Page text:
Man United: Lack Of Fitness, Not Moyes' Tactics, Are To Blame

The Scot has been much lamented by fans and football-pseuds alike on Twitter, but are his tactics really the problem?
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The Scot has been much lamented by fans and football-pseuds alike on Twitter, but are his tactics really the problem?

Man United: Lack Of Fitness, Not Moyes' Tactics, Are To Blame

Simply put, the results this season have not been good enough.

What’s more is that the team are playing a brand of football that is not conducive with what the Manchester United faithful have grown accustomed to. Perhaps the worst part of it all is that the teams that took the spoils earlier on in the season hardly dominated - Newcastle aside, who possessed the ball very well. Everton departed from their usual style of play under Roberto Martinez and picked us off on the counter attack, as did West Brom and Tottenham.

So on the occasion that our two biggest rivals rolled into Old Trafford, bouncing off their walls after having exceptional and competent seasons respectively, Moyes needed to show to the fans that this Manchester United team could be the same adventurous selves that they have shown themselves to be over these last few years. Given that there is little else to fight for, there no longer had to be a safety first strategy and the players could begin to play in an expressive manner. First, to please the fans and secondly, and probably most important, for the supporters to see that if the Scottish man is the man to take us forward in the near future. He failed, in quite literally ever aspect. This was a dominating display from the Liverpool and Man City XI. The most soul crushing defeats of the season unravelled before our eyes.

Throughout the season, there have been glimpses of what Moyes has been trying to build.  The thumping of Leverkusen away in the Champions League and the League Cup victory over Liverpool were the teams, formations and style where it all seemed to click and the vision of Moyes’ plan for Man United seemed like it would continue to roll on from there. However, through one case or another, it has not been realised. Whether that be through a lot of injuries meaning that players have to be played out of positions or playing players that do not fit the role of what Moyes wants fulfilled. Because of this, not many Red Devil fans seem to know what direction the club is going in, in terms of style of play.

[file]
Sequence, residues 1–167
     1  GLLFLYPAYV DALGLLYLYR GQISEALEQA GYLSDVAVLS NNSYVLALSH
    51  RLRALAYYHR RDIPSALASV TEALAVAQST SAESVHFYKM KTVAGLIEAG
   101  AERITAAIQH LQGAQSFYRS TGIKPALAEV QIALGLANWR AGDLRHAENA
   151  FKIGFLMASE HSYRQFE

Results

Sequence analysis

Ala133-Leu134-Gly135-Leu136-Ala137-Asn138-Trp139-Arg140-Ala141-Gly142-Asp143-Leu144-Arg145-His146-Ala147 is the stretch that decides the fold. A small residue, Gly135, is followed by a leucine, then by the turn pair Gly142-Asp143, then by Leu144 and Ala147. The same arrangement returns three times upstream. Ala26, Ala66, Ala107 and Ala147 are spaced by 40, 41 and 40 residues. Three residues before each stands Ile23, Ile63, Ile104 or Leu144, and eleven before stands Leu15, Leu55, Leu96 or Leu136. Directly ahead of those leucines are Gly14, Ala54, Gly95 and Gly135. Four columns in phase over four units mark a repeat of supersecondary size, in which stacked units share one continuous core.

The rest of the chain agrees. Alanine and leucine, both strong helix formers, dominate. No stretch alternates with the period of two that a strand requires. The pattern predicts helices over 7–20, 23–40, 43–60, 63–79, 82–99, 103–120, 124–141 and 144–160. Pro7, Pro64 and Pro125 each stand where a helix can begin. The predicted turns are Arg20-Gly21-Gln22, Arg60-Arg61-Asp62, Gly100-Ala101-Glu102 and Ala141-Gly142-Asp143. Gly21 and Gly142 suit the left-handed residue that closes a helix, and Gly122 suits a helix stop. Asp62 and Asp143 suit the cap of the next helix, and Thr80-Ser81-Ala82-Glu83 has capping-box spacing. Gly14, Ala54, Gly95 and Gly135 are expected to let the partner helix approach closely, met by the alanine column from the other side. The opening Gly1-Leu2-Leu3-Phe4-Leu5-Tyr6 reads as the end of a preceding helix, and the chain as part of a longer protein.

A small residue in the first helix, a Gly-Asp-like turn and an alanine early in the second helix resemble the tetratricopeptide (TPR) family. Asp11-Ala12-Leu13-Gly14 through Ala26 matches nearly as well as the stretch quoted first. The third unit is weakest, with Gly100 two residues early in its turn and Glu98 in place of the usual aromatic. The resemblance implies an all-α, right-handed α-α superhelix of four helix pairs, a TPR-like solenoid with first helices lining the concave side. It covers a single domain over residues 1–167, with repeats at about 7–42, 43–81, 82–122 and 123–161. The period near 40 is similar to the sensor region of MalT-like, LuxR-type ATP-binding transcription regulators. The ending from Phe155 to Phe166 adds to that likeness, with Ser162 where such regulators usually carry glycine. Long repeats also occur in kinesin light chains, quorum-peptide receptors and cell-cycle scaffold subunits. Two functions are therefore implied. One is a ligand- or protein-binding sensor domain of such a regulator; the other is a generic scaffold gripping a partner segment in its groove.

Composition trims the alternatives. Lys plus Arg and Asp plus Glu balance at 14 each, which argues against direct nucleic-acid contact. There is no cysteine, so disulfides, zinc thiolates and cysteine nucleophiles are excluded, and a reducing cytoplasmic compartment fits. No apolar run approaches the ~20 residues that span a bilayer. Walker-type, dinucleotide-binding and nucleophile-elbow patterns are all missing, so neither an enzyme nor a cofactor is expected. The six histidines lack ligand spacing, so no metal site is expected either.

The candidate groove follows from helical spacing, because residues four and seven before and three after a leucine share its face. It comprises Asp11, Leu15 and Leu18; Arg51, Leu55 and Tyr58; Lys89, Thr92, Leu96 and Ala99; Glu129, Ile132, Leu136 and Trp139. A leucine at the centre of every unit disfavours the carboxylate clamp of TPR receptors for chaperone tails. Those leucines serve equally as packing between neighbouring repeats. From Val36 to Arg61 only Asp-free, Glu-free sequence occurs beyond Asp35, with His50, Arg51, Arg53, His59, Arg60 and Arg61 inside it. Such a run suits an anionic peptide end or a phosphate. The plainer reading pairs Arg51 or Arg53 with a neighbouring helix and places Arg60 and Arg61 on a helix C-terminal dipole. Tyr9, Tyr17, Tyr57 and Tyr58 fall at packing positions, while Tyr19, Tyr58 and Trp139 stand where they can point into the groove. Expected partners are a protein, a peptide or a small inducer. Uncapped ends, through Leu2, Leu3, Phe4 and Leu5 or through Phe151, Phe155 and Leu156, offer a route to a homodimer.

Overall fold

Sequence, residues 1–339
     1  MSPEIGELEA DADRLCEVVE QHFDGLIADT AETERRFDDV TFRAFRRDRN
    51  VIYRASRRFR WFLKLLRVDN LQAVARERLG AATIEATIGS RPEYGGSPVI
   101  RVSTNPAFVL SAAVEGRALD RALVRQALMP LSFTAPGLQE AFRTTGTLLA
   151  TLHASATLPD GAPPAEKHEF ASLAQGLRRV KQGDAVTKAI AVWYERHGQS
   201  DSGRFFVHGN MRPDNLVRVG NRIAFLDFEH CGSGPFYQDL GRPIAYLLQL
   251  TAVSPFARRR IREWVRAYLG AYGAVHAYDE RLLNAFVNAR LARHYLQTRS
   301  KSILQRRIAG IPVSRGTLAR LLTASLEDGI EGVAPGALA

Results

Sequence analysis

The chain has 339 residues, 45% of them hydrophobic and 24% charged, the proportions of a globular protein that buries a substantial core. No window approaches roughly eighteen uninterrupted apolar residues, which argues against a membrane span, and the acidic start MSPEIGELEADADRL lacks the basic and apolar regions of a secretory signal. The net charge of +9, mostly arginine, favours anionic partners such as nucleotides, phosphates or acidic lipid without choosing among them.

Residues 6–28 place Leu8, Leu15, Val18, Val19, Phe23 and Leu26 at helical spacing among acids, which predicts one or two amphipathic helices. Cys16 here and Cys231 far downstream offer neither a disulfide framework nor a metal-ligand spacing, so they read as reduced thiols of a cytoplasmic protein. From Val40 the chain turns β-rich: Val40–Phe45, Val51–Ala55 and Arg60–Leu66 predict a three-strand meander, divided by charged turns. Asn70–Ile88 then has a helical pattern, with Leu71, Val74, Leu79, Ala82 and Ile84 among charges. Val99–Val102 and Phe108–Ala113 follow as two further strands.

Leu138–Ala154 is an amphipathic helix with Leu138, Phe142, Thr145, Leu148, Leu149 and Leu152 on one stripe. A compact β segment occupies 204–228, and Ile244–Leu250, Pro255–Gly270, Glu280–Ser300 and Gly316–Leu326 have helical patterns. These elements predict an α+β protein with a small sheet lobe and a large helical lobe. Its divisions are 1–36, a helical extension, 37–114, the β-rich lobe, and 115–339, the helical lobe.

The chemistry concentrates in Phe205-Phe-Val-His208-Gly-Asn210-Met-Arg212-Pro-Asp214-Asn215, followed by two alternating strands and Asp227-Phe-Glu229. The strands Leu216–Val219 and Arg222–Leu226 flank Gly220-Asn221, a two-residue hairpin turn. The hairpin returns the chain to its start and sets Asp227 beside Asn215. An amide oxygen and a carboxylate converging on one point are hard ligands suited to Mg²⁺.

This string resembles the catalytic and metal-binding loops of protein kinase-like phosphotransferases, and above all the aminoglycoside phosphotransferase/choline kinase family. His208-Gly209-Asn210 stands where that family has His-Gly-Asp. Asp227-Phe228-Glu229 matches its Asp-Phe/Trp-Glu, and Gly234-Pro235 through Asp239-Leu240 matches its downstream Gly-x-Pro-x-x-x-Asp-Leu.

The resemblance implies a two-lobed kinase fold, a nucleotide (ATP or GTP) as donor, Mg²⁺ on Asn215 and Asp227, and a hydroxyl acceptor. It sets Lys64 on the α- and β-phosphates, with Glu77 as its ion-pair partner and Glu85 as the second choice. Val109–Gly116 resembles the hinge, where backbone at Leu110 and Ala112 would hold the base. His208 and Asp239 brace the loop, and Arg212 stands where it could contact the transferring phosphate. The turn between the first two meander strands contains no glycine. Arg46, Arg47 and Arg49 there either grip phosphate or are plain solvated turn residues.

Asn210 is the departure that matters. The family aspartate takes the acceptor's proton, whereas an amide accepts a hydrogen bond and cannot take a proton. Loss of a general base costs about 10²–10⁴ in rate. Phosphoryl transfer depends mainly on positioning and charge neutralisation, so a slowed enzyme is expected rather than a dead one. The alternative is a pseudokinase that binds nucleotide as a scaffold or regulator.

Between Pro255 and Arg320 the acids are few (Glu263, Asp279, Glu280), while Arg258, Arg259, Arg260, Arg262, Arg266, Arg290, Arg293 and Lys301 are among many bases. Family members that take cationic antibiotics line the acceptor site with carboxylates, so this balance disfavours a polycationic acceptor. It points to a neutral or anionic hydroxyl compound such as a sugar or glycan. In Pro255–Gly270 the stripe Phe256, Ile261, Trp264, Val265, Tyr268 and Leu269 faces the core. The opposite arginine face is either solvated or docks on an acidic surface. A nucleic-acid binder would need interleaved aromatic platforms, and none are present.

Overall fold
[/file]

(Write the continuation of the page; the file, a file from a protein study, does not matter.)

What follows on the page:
A feature of Moyes’ tactics over the years has been that the teams he has had have employed a system of high press, especially in the big games. Where once before he had defenders with quick recovery speeds, such as Sylvain Distin, Leighton Baines and Seamus Coleman, he has often had to play slow CBs like Nemanja Vidic and/or Rio Ferdinand along with Patrice Evra, who is extremely lazy in getting back behind the ball. To compound this further, Rafael’s injury-prone nature has meant that Chris Smalling has often been used as an alternative at right back and given that the main width is provided from the full backs in the way Moyes wants to play, having a centre back deputising there is something that mitigates the effect. The effect of this is that the whole defence has to drop deeper to make sure space is not given up for runners in behind.

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Consequently, this leaves a chasm between the defence and midfield. The team has one player capable of running to cover enough ground but as shown in my last piece, Tom Cleverley is not the player that is good enough on the ball to play from a deeper position. Especially with the focus of having players that are more suited to playing the number 10 role on the wings, it means that the pairing has to execute ball circulation to a high standard. The large gaps occurring all over the pitch is making it harder for the players to keep the ball. The problem could be easily solved by having an energetic and disciplined defensive midfielder alongside of midfielder who is able to pass the ball like we had when Paul Scholes or Carrick would line up alongside Owen Hargreaves. A midfield combination that Moyes has been readily scouting for all over Europe.

If the manager wishes to continue with two up front, then one of Robin van Persie or our starting attacking midfielder on the wing is going to be affected by it. Much has been said of Van Persie not having the same joy as he had last season because of the change in tactics. This is because that the ball is not being served as quickly to him as it was before. The Dutchman complimented Paul Scholes on being able to find him with early passes when he came on against Southampton early last season. Having Ryan Giggs do similar led to Van Persie having the same effective performance he regularly put out last season. Wenger utilised this by having Alex Song provide him with these passes. His goals come from him making early movement to move into the space that the defenders have yet to cover. By providing to him, it would mostly mean bypassing our attacking midfielder who prefer to quick, short combinations behind the front line.

In essence, Moyes’ blueprint relies heavily upon players being fit enough to carry out their defensive jobs. In possession of the ball, it seems that he wants to move away from the flying wingers that United are synonymous for and look instead to play a more continental style. When all our best players have been fit, the team has been better at keeping the ball, except for the defeat at the hands of Liverpool. If Moyes is allowed to continue, that seems the blueprint of what he wants his team to play like. Moyes being able to execute it properly is whether he will be able to keep the job for longer than next season.

@AliquamScripto